The Fresh Loaf

News & Information for Amateur Bakers and Artisan Bread Enthusiasts

how much baking powder and baking soda to use?

aimeruni's picture

how much baking powder and baking soda to use?

I am just looking for a general guideline here, not for a specific recipe. I'd just like to know how much to use for 100 grams of all-purpose flour (100 grams all-purpose flour=1 cup).I"d like to know how much to use per 100 grams flour for cakes, cookies, muffins, and scones.  Does the amount you use vary depending on what you're making (muffin/scone etc.)

Also I'd like to know how much baking soda and baking powder to use per 100 grams whole wheat flour because supposedly (based on what I've researched online,) you use more baking powder/baking soda per 100 grams/cup of whole wheat flour than you do for all-purpose flour.  I don't know if this is correct or not, I'm just looking for clarification with this.

David R's picture
David R

I would use a recipe. 🙂

I don't think a general most-cases answer would even be useful.

There's no reason not to copy recipes. It's why they exist. 🙂

breadforfun's picture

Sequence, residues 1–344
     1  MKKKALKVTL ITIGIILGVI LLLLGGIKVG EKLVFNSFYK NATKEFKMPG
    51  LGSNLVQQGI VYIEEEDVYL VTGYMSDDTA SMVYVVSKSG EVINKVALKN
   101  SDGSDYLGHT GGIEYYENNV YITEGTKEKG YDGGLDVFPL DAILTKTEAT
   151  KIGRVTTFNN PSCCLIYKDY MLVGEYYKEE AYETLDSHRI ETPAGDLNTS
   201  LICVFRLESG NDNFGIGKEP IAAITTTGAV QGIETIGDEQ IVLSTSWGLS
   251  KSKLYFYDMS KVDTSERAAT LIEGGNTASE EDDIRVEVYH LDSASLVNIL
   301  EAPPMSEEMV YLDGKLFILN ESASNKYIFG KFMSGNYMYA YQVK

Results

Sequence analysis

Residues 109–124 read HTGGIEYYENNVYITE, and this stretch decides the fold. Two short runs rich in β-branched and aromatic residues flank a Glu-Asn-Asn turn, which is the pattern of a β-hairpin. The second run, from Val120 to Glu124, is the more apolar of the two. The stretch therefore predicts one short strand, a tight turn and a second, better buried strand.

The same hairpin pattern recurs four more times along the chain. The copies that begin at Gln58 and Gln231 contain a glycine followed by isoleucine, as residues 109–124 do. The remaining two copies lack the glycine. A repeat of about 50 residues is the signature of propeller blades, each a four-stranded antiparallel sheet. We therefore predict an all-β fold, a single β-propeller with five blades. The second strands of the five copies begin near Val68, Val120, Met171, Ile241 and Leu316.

Baking soda, when used as leavening, depends on an acid to produce the carbon dioxide needed to produce the leaven. Therefore, the amount used would depend on how much acid, such as buttermilk, is in the recipe. If all the baking powder is not neutralized by the acid it will leave a bitter, unpleasant taste, so too much would be a bad thing.  

Baking powder is a combination of baking soda plus acid (tartartaric acid, also called cream of tartar), and doesn’t depend on the amount of acid otherwise in the recipe. 

There is no general rule, so using other examples as David said is the way to go. When I make a soda bread I use about 16gm of baking soda with 1 quart of buttermilk in a thick, pasty and moist batter. 


David R's picture
David R

Different brands of baking powder actually use completely different formulas - the only thing you can really count on with baking powder is that baking soda is always included.

This leads to different brands of baking powder being very noticeably better and worse in certain recipes.

Mini Oven's picture
Mini Oven

Just so your calculations are closer.  If using cups find out the weight of one cup of water using your cup. (A cup can be different weights depending on recipe origin and date.)  Then take your cup, fill the cup several times striking the top level and determine the average weight, it will not be the same each time so I suggest doing it 4 times, add up the weights and divide by 4 to get the average.  

Roughly self rising flour is 1 level teaspoon baking powder to 120g AP flour (one cup)

Rule of thumb for baking soda is 1/4 teaspoon per 120g cup of AP flour.

Yes, the amount of soda or baking powder will vary with the type of recipe and type of flour and the amount of eggs in the recipe.  The more eggs, the less needed.  Too much will leave an aftertaste. Very important to sift both baking powder and soda before adding directly to flour as they often contain lumps.

Linda Kaufman's picture
Linda Kaufman

I add a teaspoon of soda and stew it with sour cream. Always get a good result.